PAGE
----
Can a holy man be an amazing saint without being a great one?
And anyway: who defines “great”?
Case in Point: Joseph of Copertino (some spell it Cupertino) of Italy.
Too few pay heed to this Italian Capuchin — though when it comes to devotion, self-sacrifice, and marvels, one has to search long and hard, even considering incredible saints such as Francis of Assisi and Padre Pio, to match him.
In fact, Saint Joseph of Copertino, a humble priest, who long struggled with studies and was ordained only through Divine intervention, spent a good number of years in Assisi, in the footsteps of his hero.
Born in 1603 — four centuries after the great Francis — this is a mystic whose phenomena, in some regards, save for Christ Himself, may be without precedent.
That can be said, at least, about the phenomena for which he was and remains most well-known: levitation of his actual physical body while in ecstasy, not just an inch or two, but ten or twenty or more feet off the ground, witnessed not only by the devout, other priests, and his bishop, but a Pope. (That’s one way of assuring canonization.)
They called them “flights”: Hard it is to believe, but in a meditative state, Saint Joseph would sail skyward, often hovering, near or above, a holy picture he was venerating. Most often he rose from the floor during Mass.
“It was on October 4, 1630, that the Lord chose him for a mission which was to characterize him,” notes a little book, which we picked up during our pilgrimage to (among other incredible places) Assisi. “In Copertino, a procession in Saint Francis’s honor was taking place when Joseph, who was one of the sacred ministers, soared into the air and remained ecstatic and immovable before the eyes of the stupefied crowd. An interior voice was persuading him to dispossess himself of everything for Christ’s sake.”
And this meant everything — even clothes, which he then had to borrow.
“The episodes of levitation during Mass were a daily occurrence,” notes the book. “Even during the day, if his spirit burned with devotion, he would soar into the air and remain suspended over the altar or a tree or a holy image.”
Healings and confessions surrounded him. Like Francis, he loved animals, even worms and insects, and could induce a wild bird to perch on him.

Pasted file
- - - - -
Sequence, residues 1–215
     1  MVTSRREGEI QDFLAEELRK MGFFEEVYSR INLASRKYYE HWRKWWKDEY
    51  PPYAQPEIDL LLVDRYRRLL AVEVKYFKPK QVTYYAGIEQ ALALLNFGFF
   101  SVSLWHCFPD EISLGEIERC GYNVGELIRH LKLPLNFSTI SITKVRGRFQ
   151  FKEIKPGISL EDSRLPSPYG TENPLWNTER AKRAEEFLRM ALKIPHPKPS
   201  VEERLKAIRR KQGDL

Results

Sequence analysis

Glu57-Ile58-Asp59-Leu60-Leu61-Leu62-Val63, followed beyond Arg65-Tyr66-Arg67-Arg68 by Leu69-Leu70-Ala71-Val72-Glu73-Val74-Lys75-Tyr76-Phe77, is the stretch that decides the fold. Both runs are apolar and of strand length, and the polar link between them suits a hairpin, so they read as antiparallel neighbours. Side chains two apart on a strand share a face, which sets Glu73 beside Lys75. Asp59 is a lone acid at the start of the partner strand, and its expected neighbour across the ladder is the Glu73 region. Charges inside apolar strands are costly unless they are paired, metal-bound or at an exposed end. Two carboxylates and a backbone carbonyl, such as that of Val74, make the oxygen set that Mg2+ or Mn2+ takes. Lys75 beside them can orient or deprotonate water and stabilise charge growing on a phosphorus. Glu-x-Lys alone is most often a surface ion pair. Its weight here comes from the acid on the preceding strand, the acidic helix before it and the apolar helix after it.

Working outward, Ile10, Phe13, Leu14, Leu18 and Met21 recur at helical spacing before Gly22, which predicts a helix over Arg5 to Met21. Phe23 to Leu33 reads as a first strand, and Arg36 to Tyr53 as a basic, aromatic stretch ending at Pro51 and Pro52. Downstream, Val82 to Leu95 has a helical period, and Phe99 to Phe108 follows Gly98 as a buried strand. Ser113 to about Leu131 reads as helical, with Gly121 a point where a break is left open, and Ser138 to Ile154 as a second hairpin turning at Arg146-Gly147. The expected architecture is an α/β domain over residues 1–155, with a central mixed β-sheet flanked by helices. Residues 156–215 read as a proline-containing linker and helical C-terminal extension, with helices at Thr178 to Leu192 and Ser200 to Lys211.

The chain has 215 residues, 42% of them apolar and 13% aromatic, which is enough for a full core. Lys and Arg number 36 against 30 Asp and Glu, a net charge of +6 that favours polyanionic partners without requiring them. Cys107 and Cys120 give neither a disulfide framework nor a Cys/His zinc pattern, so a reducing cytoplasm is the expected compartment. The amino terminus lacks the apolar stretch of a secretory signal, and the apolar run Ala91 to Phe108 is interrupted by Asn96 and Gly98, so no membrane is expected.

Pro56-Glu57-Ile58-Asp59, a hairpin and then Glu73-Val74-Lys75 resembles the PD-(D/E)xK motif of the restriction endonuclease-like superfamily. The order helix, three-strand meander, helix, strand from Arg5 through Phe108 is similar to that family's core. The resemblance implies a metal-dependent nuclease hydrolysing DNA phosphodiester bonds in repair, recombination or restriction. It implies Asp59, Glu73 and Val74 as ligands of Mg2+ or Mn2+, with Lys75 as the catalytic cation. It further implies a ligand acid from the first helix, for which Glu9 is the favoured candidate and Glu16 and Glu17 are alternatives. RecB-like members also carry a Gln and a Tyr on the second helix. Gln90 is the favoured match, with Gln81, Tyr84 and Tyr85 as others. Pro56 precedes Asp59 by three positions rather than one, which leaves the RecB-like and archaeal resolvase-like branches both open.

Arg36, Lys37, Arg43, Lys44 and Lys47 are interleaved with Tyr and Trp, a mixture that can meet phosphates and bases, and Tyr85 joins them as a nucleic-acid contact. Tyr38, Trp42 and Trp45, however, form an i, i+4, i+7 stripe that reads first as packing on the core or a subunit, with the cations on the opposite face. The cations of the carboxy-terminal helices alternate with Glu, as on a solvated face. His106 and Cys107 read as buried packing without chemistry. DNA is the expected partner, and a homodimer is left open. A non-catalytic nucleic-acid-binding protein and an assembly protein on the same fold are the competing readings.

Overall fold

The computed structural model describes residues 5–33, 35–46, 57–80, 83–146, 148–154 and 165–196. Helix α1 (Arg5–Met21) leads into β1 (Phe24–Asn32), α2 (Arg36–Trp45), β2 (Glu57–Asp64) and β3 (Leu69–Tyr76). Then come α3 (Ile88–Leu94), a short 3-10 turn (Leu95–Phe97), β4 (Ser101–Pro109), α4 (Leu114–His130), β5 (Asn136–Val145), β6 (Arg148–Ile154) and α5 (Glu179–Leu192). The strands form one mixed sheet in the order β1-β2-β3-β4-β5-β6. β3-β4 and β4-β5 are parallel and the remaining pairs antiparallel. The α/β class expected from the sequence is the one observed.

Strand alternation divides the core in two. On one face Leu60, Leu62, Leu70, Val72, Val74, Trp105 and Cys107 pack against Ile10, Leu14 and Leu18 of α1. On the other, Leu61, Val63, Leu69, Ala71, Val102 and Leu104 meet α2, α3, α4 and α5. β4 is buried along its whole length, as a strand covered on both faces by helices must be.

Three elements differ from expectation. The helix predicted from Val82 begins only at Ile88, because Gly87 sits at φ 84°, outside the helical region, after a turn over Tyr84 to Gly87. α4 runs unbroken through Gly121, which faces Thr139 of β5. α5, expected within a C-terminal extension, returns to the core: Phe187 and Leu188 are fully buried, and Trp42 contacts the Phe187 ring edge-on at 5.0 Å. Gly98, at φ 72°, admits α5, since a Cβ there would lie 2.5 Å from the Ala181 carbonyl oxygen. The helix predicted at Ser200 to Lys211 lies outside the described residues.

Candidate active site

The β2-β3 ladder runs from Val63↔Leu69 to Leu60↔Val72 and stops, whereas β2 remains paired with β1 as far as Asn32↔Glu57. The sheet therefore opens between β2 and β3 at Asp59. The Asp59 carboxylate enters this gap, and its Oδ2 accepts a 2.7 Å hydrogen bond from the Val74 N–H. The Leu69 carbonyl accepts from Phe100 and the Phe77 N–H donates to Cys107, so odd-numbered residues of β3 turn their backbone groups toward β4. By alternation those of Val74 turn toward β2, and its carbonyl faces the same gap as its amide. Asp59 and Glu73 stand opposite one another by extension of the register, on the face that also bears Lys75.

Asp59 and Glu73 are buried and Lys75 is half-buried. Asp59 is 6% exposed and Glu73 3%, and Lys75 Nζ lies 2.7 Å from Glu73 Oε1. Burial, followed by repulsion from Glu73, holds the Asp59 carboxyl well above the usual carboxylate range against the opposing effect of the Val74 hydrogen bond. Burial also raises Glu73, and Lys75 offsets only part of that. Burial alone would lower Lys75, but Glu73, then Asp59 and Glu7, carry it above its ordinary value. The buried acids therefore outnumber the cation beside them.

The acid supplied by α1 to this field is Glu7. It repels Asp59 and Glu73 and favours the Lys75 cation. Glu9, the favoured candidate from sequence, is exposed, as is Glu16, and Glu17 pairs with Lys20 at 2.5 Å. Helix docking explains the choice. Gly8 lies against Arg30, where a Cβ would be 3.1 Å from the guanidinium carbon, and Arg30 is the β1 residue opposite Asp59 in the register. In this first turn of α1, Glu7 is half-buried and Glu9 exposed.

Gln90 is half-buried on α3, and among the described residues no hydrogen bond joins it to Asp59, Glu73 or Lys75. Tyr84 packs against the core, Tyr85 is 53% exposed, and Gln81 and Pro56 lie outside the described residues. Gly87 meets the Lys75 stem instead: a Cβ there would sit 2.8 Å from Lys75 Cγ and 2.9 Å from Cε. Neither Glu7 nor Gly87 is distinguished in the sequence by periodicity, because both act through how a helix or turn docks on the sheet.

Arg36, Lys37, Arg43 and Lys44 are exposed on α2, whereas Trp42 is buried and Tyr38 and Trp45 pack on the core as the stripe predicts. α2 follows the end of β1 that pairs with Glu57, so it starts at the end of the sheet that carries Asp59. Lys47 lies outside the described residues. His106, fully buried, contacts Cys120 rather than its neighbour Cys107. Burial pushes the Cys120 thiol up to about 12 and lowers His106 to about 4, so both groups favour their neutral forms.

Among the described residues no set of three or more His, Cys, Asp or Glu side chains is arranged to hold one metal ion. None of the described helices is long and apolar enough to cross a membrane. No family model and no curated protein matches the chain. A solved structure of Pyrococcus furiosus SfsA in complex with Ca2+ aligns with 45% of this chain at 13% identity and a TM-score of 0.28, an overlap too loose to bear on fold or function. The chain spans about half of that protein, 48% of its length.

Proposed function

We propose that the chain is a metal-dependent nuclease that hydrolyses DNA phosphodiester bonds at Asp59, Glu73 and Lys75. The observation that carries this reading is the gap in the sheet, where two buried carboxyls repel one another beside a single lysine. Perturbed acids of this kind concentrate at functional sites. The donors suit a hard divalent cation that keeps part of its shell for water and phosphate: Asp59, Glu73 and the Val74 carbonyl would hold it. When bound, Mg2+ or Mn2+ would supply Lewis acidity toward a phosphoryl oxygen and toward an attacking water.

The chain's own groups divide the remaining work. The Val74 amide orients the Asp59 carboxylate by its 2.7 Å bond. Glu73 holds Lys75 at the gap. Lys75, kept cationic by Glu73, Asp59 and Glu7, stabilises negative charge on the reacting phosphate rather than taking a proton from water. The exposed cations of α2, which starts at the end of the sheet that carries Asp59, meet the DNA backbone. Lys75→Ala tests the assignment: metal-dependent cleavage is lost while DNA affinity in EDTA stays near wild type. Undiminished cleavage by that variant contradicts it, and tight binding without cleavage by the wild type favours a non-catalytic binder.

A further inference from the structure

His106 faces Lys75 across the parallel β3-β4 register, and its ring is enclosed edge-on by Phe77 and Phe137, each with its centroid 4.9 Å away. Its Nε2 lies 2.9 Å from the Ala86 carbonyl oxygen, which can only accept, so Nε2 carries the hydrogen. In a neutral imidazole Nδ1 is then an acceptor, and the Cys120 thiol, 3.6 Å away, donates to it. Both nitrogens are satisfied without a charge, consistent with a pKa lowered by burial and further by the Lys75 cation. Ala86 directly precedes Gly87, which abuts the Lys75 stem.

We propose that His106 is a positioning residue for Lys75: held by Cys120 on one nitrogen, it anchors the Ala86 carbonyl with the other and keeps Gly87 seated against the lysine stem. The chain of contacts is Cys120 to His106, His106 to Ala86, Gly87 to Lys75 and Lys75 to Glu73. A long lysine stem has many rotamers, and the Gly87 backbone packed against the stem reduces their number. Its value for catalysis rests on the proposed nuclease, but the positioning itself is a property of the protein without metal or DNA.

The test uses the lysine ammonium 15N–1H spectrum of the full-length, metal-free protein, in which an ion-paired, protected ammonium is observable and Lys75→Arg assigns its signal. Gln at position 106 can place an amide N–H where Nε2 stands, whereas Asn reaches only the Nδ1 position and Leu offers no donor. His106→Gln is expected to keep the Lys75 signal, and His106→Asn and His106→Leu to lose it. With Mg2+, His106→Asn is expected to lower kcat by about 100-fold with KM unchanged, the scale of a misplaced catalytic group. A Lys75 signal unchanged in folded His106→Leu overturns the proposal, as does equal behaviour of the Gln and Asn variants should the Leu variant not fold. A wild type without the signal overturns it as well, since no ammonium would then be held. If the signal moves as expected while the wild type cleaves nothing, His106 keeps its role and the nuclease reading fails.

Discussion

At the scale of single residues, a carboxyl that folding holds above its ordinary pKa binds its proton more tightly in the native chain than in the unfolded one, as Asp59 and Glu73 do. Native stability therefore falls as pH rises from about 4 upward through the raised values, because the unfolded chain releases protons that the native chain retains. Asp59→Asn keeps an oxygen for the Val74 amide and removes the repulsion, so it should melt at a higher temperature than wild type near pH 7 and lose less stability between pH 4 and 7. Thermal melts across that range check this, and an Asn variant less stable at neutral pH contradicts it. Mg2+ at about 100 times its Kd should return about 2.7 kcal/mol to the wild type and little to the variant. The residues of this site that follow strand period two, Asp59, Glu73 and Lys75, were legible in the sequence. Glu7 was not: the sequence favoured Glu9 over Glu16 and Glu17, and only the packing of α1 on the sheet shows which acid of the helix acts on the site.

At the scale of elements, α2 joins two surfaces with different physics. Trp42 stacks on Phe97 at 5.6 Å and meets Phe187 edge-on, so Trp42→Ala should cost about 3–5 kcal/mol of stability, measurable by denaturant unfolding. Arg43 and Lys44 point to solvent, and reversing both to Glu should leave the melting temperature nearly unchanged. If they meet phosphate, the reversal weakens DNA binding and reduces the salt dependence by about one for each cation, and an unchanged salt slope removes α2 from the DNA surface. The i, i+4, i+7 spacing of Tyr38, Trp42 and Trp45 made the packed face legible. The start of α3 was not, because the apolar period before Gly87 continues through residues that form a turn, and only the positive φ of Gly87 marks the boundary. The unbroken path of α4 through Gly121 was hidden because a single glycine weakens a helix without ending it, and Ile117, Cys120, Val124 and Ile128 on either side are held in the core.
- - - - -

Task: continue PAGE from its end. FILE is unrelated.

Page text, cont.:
“When a heavy hailstorm had killed a flock of sheep on one of the nearby farms,” continues the book, “Joseph picked up one of the sheep, commanded, ‘Rise in the Name of God!’ This continued until the entire flock was restored to life.”
Impossible to believe?
And yet documented.
Remember, this was hundreds of years after Saint Francis — not exactly the dark ages.
He read souls, did Saint Joseph of Copertino (ala Padre Pio), foretold future happenings, and knew what was occurring at a distance, including the death of a Pontiff.
He had a special affinity for an image known as the Virgin of Grotella (as painted by Cimabue).
Here he is pictured, rising before Pope Urban VIII.
When other friars went to bed, the mystic would secretly slip into the basilica at Assisi to pray in front of Saint Francis’s tomb or a statue of the Immaculate.
But it was during Mass that his powers were exhibited in full force.
“The phenomenon of his ecstasies was continual, both during and outside celebration of Holy Mass,” explains the book. “And over the course of the years, it became ever greater. Joseph never cared for any kind of showy display that exposed him to the curiosity of others. Very often he would excuse himself by informing visitors and guests that he was not feeling very well or was in need of some sleep.”
In Assisi, he exuded the odor of sanctity, which sometimes would linger at a place for twenty or more days.
Before moving to Assisi, he had gone there on pilgrimage and also the shrine at Loreto, where we also stopped on our recent journey (very, very potent, this spot, where a wall; from the Virgin’s home in Nazareth is preserved in a large basilica).
True servants of God, taught Saint Joseph, “simply go inside themselves. The important thing is interiority. Our interiority is what matters.”
He died in September of 1663.
“Praised be God!” he exclaimed before expiring. “May the Will of God be done!
“I shall forever sing the mercies of the Lord! Charity, charity! Obedience, obedience!”
A message for our day, for any day.